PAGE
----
A fully updated edition of Spurgeon’s morning and evening devotional The Interpreter using the ESV.

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Sunday, July 16, 2017

Year One, July 17

But I Will Not Remove From Him My Steadfast Love1
Judges 16:21-31
21And the Philistines seized [Sampson] and gouged out his eyes (according to the eighth century Bible translation into the Arabic language, they used fire to blind Samson), and brought him down to Gaza and bound him with bronze shackles. (The strongest they could find, and the most painful to the wearer). And he ground at the mill in the prison. (The great champion became a slave and was forced to do a job even slaves thought was beneath them. Milton2 describes the fallen hero as saying:
“Made of my enemies the scorn and gaze;
To grind in brazen fetters under task
With this Heaven-gifted strength. O glorious strength,
Put to the labor of a beast, debased
Lower than bond slave! Promise was that I
Should Israel from Philistine yoke deliver;
Ask for this great deliverer now, and find him
Eyeless in Gaza at the mill with slaves.”)
22But the hair of his head began to grow again after it had been shaved. (Our gracious God does not throw away his servants. His grace is like the receding tide of the ocean. Just like Samson’s hair, it returns as strong as ever. It is one of the wonders of God that he will not stop loving someone even when that person proves he does not deserve to be loved.)
23Now the lords of the Philistines gathered to offer a great sacrifice to Dagon their god and to rejoice, and they said, “Our god has given Samson our enemy into our hand.” 24And when the people saw him, they praised their god. For they said, “Our god has given our enemy into our hand, the ravager of our country, who has killed many of us.” (They blasphemed Jehovah by magnifying Baal. They do, however, teach us a lesson we often forget. That is, to give all the credit for our victories to God.)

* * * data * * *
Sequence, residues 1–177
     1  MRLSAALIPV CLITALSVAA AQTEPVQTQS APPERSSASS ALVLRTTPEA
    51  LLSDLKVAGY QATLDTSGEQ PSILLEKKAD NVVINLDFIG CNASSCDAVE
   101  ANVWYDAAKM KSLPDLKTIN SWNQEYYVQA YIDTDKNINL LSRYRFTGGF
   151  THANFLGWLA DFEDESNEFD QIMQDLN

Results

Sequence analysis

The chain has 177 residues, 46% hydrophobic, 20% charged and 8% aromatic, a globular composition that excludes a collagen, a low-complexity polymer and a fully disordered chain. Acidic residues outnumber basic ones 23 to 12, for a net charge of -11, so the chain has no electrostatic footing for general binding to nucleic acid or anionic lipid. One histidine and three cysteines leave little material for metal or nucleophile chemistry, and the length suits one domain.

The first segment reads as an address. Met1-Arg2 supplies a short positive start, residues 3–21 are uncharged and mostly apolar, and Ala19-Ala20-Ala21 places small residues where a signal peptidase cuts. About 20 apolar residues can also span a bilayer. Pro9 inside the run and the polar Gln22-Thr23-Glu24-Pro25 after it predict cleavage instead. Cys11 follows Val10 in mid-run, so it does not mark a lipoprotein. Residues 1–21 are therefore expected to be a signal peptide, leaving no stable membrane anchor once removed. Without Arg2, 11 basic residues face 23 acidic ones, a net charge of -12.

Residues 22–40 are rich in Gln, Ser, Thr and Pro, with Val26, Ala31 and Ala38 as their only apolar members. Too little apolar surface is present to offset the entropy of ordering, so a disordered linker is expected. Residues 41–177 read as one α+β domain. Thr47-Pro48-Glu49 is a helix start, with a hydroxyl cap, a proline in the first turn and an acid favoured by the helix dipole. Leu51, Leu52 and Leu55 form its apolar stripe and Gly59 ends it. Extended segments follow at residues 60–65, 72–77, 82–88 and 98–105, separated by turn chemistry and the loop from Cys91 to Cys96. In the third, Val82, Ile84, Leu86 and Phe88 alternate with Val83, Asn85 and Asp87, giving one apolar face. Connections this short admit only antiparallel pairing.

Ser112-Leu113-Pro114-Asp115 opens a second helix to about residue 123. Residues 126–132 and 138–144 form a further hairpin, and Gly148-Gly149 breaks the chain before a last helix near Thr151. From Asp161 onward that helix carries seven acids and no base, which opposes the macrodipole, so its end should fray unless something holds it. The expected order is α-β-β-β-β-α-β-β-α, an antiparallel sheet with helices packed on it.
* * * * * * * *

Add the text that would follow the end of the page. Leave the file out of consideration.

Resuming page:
25And when their hearts were merry, they said, “Call Samson, that he may entertain us.” So they called Samson out of the prison, and he entertained them. They made him stand between the pillars. 26And Samson said to the young man who held him by the hand, “Let me feel the pillars on which the house rests, that I may lean against them.” (The poor blind prisoner was now just someone for the lords of the Philistines to laugh at and mock. Eventually, they let him rest a bit, while they refilled their cups and thought about fresh insults to throw at him.) 27Now the house was full of men and women. All the lords of the Philistines were there, and on the roof there were about 3,000 men and women, who looked on while Samson entertained.
28Then Samson called to the LORD and said, “O Lord God, please remember me and please strengthen me only this once, O God, that I may be avenged on the Philistines for my two eyes.” (How touching is that sweetest of prayers, “Remember me.” Whether it be Samson or the dying thief who uses it, the Lord did remember him.) 29And Samson grasped the two middle pillars on which the house rested, and he leaned his weight against them, his right hand on the one and his left hand on the other. 30And Samson said, “Let me die with the Philistines.” Then he bowed with all his strength, and the house fell upon the lords and upon all the people who were in it. So the dead whom he killed at his death were more than those whom he had killed during his life.
Milton will again comment for us:
“Those two massive pillars
With horrible convulsion to and fro
He tugged, he shook, till down they came and drew
The whole roof after them, with burst of thunder,
Upon the heads of all who sat beneath,
Lord, ladies, captains, counselors, or priests,
Their choice nobility and flower, not only
Of this but each Philistine city round.
O dearly-bought revenge, yet glorious!
Living or dying you have fulfilled
The work for which you were foretold
To Israel, and now you lie victorious
Among the slain, self-killed
Not willingly, but tangled in the fold
Of dire necessity, whose law in death now joined
You with your slaughtered foes.”
So the Lord God of Israel silenced the boastings of his enemies, as he will do in the last great day.
31Then his brothers and all his family came down and took him and brought him up and buried him between Zorah and Eshtaol in the tomb of Manoah his father. He had judged Israel twenty years.
1 Psalm 89:33
2 John Milton (1608 - 1674). Probably best know for his poem Paradise Lost.

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